What happens to money after it's gotten too old and worn out to be useable? One of the tasks of the Federal Reserve is to take old currency out of circulation and destroy it.
The shredded remains used to go to landfills, but thanks to a relatively recent program, most of that money is being recycled. In Los Angeles, it's turned into electricity.
Every day the Federal Reserve shreds tens of millions of dollars in worn-out bills.
The Federal Reserve operates 28 cash processing facilities across the country. Los Angeles has one of the largest. In 2014, more than 3.1 billion notes came into the branch.
Every denomination of U.S. currency has a different life span. $20 bills last more than seven years, while a $100 bill averages a 15-year life span.
Each bill is inspected to verify that it is still in good enough condition to stay in circulation. Machines capable of scanning 100,000 notes an hour automatically sort out counterfeit bills, which get sent to the Secret Service, and damaged bills, which are shredded. The Federal Reserve removes and destroys about 5,000 tons of money each year.
A machine inside a currency verification processing room scans bills to determine if they are worn out and ready to be shredded. Worn-out bills are sent up a black tube on the right side of the machine for shredding.
Until recently, most of that shredded money was sent to landfills.
In 2011, the Federal Reserve formalized a recycling program for all of its branches. From 2010-2014, the amount of money that was recycled increased from 30 to 90 percent.
Some of the money is sent to be used as compost; a small proportion is used in manufacturing items such as tabletops and home insulation. A third of the money is sent to refuse-to-energy plants to be converted into electricity.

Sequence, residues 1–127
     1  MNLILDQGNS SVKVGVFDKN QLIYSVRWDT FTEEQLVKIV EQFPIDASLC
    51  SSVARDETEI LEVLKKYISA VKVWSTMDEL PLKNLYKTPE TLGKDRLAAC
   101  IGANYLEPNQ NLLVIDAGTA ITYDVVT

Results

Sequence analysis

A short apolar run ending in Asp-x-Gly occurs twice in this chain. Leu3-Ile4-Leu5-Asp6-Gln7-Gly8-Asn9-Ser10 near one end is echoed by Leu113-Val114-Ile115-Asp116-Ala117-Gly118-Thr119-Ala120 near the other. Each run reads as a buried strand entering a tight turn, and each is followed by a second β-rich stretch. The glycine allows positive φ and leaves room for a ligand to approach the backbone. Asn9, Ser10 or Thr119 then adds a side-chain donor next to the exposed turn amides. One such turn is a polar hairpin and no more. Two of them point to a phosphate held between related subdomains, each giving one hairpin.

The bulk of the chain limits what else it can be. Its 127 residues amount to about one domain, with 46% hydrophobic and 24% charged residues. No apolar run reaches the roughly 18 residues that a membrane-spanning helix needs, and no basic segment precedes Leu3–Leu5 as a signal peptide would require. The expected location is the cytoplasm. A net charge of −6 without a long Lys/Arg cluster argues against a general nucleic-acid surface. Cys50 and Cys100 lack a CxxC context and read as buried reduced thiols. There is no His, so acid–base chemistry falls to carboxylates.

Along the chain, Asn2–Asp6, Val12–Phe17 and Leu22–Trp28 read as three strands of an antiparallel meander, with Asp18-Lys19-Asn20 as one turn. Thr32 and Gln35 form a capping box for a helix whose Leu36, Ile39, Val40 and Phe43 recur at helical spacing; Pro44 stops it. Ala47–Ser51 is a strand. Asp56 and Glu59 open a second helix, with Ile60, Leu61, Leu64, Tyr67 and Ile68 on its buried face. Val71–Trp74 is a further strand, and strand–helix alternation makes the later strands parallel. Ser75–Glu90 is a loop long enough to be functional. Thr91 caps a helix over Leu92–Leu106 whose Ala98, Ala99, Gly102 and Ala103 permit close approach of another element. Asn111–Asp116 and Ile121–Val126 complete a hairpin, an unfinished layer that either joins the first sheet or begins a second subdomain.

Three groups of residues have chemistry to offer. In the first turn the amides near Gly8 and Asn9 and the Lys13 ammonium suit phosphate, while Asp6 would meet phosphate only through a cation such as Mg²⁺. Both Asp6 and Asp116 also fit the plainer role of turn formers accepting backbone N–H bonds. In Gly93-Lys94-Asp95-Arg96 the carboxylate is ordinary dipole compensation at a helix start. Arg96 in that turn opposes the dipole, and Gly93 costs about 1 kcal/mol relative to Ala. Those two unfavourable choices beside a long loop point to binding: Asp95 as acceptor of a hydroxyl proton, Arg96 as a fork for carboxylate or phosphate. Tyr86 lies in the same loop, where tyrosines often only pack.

Since 2010, the Los Angeles branch has been sending its roughly 535 tons of shredded bills to a refuse-to-energy facility in the City of Commerce. In 2014, it diverted more money to energy facilities than any other branch.
At the facility, the money shreds are mixed in with other waste and fed into a furnace. The heat generates steam and spins turbines, which provide enough electricity to power about 20,000 homes.
The money shreds comprise only about half a percent of the waste the Commerce facility receives. The energy provided is enough to power 100 homes.
Employees at the facility said that the shredded money is treated like any other waste.
"People don’t come out running when we see the currency. If it wasn’t shredded, maybe, but because it’s shredded, no,” said Matt Eaton, division engineer with the L.A. County Sanitation Districts.
The furnace inside the Commerce Refuse-to-Energy Facility burns at more than 700 degrees.
An official at the Federal Reserve said that the benefits of sending shredded money to the Commerce plant are threefold.
“We’re able to divert the shredded currency away from landfills, we have done so at lesser cost to the Fed, and the County of Los Angeles now has an additional source of fuel,” said Deborah Awai, group vice president at the Federal Reserve Bank of San Francisco.
An operator of the grapple at the Commerce energy facility said an additional benefit is that his job has made him an expert at the claw machines commonly found in arcades. Richard Quimbo, a power plant operator, said he is able to win an item half of the times he plays.
"Yeah, my son always says, 'Dad, how did you do it?'" Quimbo said.
Reporter Jed Kim spent $3 on this machine and came away with nothing.